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2023 to be year of recovery for market, with external factors well managed

BRAC EPL explains why in its annual forecast

BABUL BARMAN | January 12, 2023 00:00:00

The wounds that the stock market suffered last year will heal to some extent this year triggering a process of recovery even if businesses take cautionary approaches, said one of the top brokers in the country.

BRAC EPL Stock Brokerage came up with its market forecast mainly taking three aspects into account -- export, import and foreign exchange reserves.

The Russia-Ukraine caused a sharp rise in commodity prices, especially the oil price. As a result, the import growth accelerated fast outstripping exports. The trade gap widened leading to the depletion of the foreign exchange reserves.

Things will be better, making the market more resilient against external factors, said BRAC EPL in a report, a copy of which has been collected by the Financial Express.

Import had shot up, reaching the peak between the fourth quarter of the FY21 and the second quarter of the FY22. To bring it down, the government took austerity measures and imposed restrictions on imports of non-essential items.

That already showed results as letter of credit (LC) openings dropped 8.57 per cent in July-Sept of the FY23, compared to the same quarter of the previous year.

The import growth will be subdued further this year by "increased scrutiny and tighter regulation". Moreover, commodity prices will slide due to a decline in oil prices in the global market and a sluggish demand, according to BRAC EPL.

Exports grew strongly in the second half of 2022 because of the zero-Covid policy in China that shifted orders to Bangladesh and for the currency depreciation.

The export growth will remain as robust in 2023 as it was last year.

Bangladesh's export volume jumped more than 34 per cent year-on-year to all-time-high $52.08 billion in the FY22.

"Lower import growth on the back of stagnant export growth might reduce the trade gap," reads the report.

That will help ease the pressure on the foreign exchange reserves which stood at $32.52 billion as of Monday, after the central bank had cleared import bills to the Asian Clearing Union.

Rising living costs in other countries affected the remittance inflow. Foreign exchange rates volatility squeezed the remittance inflow though formal channels further by encouraging migrants to use hundi instead to send back money.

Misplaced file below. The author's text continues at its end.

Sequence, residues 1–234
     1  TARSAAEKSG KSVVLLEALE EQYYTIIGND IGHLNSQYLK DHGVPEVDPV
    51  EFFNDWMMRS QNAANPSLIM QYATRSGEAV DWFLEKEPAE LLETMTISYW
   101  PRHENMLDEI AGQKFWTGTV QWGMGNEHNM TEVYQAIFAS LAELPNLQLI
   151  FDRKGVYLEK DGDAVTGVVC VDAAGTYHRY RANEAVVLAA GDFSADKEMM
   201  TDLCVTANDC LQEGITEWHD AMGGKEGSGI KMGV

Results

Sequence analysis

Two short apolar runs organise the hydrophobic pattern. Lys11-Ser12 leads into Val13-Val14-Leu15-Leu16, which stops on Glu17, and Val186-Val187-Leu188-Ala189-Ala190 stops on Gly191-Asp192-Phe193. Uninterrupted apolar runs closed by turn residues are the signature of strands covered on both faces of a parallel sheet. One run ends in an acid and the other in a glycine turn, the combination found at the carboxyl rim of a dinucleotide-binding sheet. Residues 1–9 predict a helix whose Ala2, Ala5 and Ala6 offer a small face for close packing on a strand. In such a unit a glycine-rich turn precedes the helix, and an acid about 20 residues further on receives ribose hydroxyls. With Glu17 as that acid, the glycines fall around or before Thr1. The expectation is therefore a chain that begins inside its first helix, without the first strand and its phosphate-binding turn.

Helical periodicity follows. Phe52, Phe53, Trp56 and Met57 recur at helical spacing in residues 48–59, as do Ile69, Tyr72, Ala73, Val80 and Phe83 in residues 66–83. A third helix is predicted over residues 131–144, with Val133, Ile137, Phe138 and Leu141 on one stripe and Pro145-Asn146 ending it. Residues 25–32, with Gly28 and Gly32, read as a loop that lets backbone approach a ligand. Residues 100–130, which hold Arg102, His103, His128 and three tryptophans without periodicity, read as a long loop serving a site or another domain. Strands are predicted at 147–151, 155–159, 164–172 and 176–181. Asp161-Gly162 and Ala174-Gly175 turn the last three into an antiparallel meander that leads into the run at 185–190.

However, upward movement of official exchange rates and 2.5 per cent government incentive on remittance sent through legal channels will help replenish FX reserves.

The floating exchange rate was reintroduced by the Bangladesh Bank in September last year.

"The government is also eyeing capital financing to manage the shocks, which are likely to help raise reserves."

The stock broker anticipated that Bangladesh will be able to sustain a positive growth of the Gross Domestic Product (GDP).

Though immediately after the release of the report the World Bank on Tuesday cut Bangladesh's economic growth forecast to 5.2 per cent from its earlier forecast of 6.1 per cent, Salim Afzal Shawon, head of research at the BRAC EPL, said the lower growth would not affect the economy much because many other countries would face similar situations this year.

The growth forecast has been revised due to a combination of factors -- elevated inflation, energy shortages, and tightening of the monetary policy.

The WB also trimmed its global growth forecast for 2023 from 3 per cent to 1.7 per cent, according to the latest edition of Global Economic Prospects.

Mr Shawon said the 5.2 per cent GDP growth would still be very positive while neighboring countries were struggling to keep the economic growth stable.

The loan from the International Monetary Fund (IMF) may help get more access to funding from multilateral lenders, said BRAC EPL.

There is a fear of another Covid wave to sweep over the world but BRAC EPL said Bangladesh is likely to manage it well as it did earlier and so it will face less economic disruptions.

The stock broker also ruled out any major market volatility for tensions surrounding the 2024 national elections.

There were uncertainties before the 2014 polls as the main opposition party opposed it under the government. But 2018 saw a weaker opposition party, which was why market sentiment was up pre-election.

The post-election market was disrupted because mega projects funding died up liquidity.

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